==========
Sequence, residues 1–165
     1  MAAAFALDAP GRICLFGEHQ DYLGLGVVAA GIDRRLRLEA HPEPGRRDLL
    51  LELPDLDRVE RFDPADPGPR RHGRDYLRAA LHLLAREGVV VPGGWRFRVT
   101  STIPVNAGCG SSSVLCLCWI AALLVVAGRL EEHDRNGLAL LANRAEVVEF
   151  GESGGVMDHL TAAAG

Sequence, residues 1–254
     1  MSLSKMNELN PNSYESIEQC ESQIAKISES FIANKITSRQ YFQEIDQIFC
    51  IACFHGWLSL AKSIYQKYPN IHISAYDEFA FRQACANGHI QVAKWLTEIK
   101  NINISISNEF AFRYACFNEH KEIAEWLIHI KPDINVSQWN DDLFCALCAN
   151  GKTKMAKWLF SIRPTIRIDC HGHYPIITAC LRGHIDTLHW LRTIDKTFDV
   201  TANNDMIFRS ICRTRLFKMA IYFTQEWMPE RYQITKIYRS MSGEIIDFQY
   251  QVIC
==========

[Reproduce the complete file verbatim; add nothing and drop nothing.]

Sequence, residues 1–165
     1  MAAAFALDAP GRICLFGEHQ DYLGLGVVAA GIDRRLRLEA HPEPGRRDLL
    51  LELPDLDRVE RFDPADPGPR RHGRDYLRAA LHLLAREGVV VPGGWRFRVT
   101  STIPVNAGCG SSSVLCLCWI AALLVVAGRL EEHDRNGLAL LANRAEVVEF
   151  GESGGVMDHL TAAAG

Sequence, residues 1–254
     1  MSLSKMNELN PNSYESIEQC ESQIAKISES FIANKITSRQ YFQEIDQIFC
    51  IACFHGWLSL AKSIYQKYPN IHISAYDEFA FRQACANGHI QVAKWLTEIK
   101  NINISISNEF AFRYACFNEH KEIAEWLIHI KPDINVSQWN DDLFCALCAN
   151  GKTKMAKWLF SIRPTIRIDC HGHYPIITAC LRGHIDTLHW LRTIDKTFDV
   201  TANNDMIFRS ICRTRLFKMA IYFTQEWMPE RYQITKIYRS MSGEIIDFQY
   251  QVIC